The general feeder ratio for a pond is one per three surface acres. Lake managers strive to maximize feeding programs so fish don’t roam the lake all day in search of a meal. Unnecessary movement expends valuable energy and nutrition that could be converted to growth.
Thoughtfully select fish feeder locations. Place them near proper habitat, again so fish travel the minimum distance when pellets rain across the surface. Carefully evaluate your pond’s annual water level fluctuations. If it’s susceptible to sudden rises, place feeders on elevated bases or floating platforms to prevent flooding. If livestock or wild pigs frequent the pond, consider securing it in a wedge-shaped fence with cattle panels that extend slightly into the lake.
If your goal is big bass and trophy bluegill. Don’t stock channel catfish with bluegill and bass. Catfish will compete with bass for important forage and rob bluegill of needed nutrition to achieve bragging status. There’s a better option. Stock catfish in a separate pond to themselves.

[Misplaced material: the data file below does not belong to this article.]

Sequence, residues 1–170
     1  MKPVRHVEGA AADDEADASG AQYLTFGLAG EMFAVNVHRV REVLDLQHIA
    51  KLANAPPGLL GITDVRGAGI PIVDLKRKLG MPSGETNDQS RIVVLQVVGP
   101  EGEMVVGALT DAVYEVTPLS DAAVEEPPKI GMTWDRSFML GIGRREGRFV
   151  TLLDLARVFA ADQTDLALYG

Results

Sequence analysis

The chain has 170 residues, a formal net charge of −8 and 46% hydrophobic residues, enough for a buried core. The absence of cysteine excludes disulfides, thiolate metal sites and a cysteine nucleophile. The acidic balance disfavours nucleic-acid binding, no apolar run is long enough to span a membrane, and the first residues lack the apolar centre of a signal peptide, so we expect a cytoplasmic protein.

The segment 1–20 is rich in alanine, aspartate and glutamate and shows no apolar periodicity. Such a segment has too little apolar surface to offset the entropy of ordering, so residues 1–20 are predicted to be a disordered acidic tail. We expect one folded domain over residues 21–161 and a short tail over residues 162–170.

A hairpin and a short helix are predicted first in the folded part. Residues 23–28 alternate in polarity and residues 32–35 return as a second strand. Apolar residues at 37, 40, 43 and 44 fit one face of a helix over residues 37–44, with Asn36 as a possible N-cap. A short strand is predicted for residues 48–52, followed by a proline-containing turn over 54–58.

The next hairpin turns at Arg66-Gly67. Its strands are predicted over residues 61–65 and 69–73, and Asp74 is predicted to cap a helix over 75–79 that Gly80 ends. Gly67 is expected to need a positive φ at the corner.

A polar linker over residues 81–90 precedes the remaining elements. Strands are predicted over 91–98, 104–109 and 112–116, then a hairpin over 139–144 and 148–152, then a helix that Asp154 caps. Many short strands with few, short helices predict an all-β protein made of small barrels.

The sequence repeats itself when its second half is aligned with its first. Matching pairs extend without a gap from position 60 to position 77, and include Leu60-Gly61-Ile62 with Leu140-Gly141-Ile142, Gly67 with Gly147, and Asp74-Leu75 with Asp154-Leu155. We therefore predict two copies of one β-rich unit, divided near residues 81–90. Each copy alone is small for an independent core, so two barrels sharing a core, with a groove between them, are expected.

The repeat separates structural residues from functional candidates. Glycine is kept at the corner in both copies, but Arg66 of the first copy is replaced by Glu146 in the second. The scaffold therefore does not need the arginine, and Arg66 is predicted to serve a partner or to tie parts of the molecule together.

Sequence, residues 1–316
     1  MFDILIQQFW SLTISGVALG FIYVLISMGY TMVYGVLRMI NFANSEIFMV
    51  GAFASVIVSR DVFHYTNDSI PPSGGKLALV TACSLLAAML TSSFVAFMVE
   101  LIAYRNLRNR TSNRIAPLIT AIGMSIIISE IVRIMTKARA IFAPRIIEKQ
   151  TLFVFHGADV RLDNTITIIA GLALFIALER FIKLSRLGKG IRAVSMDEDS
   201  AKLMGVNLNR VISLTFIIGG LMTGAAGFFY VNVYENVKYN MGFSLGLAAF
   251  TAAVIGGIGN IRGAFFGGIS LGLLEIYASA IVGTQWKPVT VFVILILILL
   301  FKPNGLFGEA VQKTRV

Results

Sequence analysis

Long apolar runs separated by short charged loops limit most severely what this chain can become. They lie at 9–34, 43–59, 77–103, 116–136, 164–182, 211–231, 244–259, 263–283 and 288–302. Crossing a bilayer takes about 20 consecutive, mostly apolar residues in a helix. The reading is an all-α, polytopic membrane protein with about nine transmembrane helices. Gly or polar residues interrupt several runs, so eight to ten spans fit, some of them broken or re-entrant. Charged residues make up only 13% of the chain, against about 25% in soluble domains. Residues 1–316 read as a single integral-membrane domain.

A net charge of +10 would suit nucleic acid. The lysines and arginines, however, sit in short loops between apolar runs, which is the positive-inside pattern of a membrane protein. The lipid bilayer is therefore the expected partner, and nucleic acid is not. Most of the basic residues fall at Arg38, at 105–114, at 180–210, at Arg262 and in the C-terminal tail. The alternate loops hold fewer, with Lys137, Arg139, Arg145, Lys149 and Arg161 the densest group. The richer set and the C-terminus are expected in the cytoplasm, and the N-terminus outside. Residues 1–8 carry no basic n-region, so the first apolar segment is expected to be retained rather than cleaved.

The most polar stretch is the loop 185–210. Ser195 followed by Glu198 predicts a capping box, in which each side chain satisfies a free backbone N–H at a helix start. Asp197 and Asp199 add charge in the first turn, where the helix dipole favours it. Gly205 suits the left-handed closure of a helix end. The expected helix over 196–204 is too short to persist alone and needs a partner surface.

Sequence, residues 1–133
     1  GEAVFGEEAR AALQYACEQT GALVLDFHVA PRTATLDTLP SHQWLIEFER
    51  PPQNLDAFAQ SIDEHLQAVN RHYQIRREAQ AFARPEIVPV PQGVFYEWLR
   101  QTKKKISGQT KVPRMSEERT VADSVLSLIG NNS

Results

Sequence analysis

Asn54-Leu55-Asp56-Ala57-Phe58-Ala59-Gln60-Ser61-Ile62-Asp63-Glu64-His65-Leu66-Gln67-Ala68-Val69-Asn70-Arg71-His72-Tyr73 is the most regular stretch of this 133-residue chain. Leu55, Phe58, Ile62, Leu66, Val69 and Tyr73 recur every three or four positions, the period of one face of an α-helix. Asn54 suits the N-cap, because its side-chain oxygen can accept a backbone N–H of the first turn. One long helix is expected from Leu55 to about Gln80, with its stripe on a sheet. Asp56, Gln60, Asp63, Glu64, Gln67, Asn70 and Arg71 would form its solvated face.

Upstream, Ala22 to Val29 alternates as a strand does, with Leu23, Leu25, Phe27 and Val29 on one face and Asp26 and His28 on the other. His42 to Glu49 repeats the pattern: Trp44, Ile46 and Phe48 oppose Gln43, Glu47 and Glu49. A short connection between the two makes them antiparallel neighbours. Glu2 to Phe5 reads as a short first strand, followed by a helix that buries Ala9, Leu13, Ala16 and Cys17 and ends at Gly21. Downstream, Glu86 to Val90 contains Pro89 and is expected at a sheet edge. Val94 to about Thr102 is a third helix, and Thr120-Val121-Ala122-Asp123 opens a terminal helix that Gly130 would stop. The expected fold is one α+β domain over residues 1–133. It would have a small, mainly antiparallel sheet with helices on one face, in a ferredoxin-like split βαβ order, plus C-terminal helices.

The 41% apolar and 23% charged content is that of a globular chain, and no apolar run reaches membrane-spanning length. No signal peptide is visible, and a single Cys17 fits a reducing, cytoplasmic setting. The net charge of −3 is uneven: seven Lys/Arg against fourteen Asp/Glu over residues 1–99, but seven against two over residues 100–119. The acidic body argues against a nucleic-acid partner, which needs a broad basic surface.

Purina Mills‘ research farm at St. Louis, MO, has done numerous nutritional studies. Latest findings indicate catfish gain approximately one-pound from consuming 1.25-pounds of feed. Stock 500 six to eight-inch channel cat in a one-half acre pond. Begin serving with fries and hush puppies when they reach one and a half to two-pounds. After you harvest 250 of them, simply restock with another 250 six to eight inchers. By the time you catch the last original group, the second generation is ready for harvest. Repeat restocking after you catch the next 250 and you have a perpetual catfish garden. We’d enjoy helping you or a friend develop a management plan to optimize production of your treasured waters.